sjf readers of a certain vintage will know all about HELEN SHAPIRO. They’ll tell you that East London born Helen was an early 60s “pop sensation”! She scored her first hit aged just 14 and went on to enjoy plenty more including two consecutive no. 1 hits and she even headlined a nationwide package tour that featured way down the bill a band called the Beatles. All Helens’ early hits (things like ‘Walkin’ Back To Happiness’) are easily available; there’s any number of retrospective collections of her EMI/Columbia (her fist label) hits recordings out there.
But after those hits dried up (blame those damn Beatles), Ms Shapiro continued to record. She moved away from EMI, going on to work for five different labels, and, with various producers, she tried to evolve a more contemporary sound. Ultimately, the move was unsuccessful. Maybe the UK punters always saw her as a teen pop star and found it hard to accept her more mature approach. Whatever; she remained musically active till the late 80s and now Ace Records have pulled together all the singles (A and B sides) that she recorded between 1967 and 1984 and the resulting 25 tracker, ‘FACE THE MUSIC’, is a wonderful tribute to a sometimes neglected UK song stylist.
Interestingly a number of the songs on this album have become favourites on the Northern soul scene… the biggest being ‘Stop And You Will Become Aware’. Released in 1967, it’s one of Helens’ last Columbia recordings. It was, sadly, a chart flop but by the mid 70s it had been adopted by the Northern crowd and copies were fetching over £400 – leading to a frantic search for other suitably Northern tempo-ed Shapiro tracks and ones that were espoused were things like ‘Take Me For A While’ and ‘Silly Boy (I Love You)’- both featured here… Northern… yes; soul…debatable. However if you want to hear Helen Shapiro “do soul” try her splendid covers of Brenda Holloway’s ‘Every Little Bit Hurts’ and Barbara Lewis’ ‘Make Me Belong To You’.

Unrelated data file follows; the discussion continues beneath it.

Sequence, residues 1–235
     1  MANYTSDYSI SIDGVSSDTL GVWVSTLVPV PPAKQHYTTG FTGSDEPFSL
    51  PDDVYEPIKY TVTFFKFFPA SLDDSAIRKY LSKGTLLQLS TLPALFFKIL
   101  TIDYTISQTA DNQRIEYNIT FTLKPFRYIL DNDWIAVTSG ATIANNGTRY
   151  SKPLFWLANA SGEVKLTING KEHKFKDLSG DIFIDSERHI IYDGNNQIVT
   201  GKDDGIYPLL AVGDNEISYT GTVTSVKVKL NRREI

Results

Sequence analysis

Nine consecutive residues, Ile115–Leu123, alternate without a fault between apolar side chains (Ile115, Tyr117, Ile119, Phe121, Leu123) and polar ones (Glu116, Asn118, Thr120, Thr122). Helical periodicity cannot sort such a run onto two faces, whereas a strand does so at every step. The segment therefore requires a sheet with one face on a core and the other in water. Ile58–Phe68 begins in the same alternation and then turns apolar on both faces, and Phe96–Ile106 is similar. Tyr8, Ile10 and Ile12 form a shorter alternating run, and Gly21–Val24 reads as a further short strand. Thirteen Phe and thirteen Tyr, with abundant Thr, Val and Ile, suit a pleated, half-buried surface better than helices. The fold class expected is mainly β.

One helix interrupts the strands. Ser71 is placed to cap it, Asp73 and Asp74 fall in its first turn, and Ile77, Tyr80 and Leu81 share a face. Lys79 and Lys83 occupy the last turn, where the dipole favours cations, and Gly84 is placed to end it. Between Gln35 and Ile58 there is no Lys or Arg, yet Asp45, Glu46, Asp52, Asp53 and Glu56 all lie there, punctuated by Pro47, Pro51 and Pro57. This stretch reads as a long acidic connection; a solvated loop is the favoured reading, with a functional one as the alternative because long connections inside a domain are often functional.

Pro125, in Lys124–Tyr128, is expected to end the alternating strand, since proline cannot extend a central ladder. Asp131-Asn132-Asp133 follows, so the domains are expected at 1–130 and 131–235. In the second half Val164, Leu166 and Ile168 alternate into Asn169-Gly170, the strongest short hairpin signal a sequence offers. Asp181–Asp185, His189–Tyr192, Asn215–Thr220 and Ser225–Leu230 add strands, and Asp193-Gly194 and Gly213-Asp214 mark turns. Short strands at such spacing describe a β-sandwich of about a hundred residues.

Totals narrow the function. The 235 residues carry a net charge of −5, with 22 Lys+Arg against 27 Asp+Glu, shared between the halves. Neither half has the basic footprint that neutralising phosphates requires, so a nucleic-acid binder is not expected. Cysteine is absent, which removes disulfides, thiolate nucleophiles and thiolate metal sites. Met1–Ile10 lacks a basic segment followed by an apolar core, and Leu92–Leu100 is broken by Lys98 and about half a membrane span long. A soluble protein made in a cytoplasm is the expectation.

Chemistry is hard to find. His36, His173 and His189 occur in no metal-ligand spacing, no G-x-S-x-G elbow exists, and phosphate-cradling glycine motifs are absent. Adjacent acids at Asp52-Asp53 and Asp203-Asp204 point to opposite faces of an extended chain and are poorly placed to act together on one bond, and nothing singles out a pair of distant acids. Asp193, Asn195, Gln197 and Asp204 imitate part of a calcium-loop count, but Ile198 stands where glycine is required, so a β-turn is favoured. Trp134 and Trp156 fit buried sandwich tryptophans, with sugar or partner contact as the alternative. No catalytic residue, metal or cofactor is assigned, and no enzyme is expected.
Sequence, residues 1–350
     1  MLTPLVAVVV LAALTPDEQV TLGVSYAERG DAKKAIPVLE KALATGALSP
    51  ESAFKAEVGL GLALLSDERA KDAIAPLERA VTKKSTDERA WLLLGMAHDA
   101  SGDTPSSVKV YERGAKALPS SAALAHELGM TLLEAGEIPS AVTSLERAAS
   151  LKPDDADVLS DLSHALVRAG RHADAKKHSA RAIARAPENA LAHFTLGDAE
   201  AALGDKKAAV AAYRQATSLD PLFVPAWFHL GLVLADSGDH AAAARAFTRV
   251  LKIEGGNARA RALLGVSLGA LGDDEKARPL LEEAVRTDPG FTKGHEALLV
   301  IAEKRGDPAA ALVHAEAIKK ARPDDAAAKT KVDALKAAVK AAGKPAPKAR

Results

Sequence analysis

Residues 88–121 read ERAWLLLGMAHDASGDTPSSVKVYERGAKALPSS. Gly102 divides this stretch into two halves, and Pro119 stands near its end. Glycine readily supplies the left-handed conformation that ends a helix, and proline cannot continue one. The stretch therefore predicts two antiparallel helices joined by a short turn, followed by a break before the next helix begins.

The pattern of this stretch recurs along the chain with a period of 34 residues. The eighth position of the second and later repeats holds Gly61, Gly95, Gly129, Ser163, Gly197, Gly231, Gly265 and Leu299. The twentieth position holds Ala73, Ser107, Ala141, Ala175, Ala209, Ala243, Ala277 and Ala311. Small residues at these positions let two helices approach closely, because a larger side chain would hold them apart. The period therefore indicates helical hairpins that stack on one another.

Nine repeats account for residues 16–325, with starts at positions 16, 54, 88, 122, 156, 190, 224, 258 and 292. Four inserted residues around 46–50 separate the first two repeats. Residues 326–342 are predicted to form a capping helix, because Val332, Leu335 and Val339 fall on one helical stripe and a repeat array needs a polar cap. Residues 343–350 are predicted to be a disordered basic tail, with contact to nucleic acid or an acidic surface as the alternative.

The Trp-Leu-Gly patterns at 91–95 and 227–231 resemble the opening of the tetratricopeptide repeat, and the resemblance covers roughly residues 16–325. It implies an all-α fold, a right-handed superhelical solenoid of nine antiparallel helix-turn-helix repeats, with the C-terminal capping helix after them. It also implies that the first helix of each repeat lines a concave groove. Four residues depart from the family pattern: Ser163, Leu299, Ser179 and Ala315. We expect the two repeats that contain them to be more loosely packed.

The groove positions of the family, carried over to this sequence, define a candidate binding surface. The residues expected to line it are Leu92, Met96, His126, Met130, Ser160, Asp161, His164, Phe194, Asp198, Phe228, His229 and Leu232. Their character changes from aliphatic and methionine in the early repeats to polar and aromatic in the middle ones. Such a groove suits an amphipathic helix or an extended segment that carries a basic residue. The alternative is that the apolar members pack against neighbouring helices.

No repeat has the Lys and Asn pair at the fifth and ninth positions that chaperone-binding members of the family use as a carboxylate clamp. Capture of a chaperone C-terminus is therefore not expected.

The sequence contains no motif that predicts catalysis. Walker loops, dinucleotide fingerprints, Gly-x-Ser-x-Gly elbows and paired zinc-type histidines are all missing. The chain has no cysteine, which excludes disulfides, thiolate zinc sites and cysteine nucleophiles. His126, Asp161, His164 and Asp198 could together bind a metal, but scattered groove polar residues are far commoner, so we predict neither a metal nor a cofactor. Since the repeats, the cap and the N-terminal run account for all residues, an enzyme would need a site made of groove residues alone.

Elsewhere expect plenty of classy late 60s pop, tinged with soul – much like Madeline Bell’s output from the same era. No hits though; but Helen Shapiro moved on and evolved – moving towards jazz and eventually retiring to work in the Christian ministry but we’re told that she’s thrilled by this new compilation – and so she should. Like we said up top this is a wonderful tribute to a sometimes neglected UK song stylist.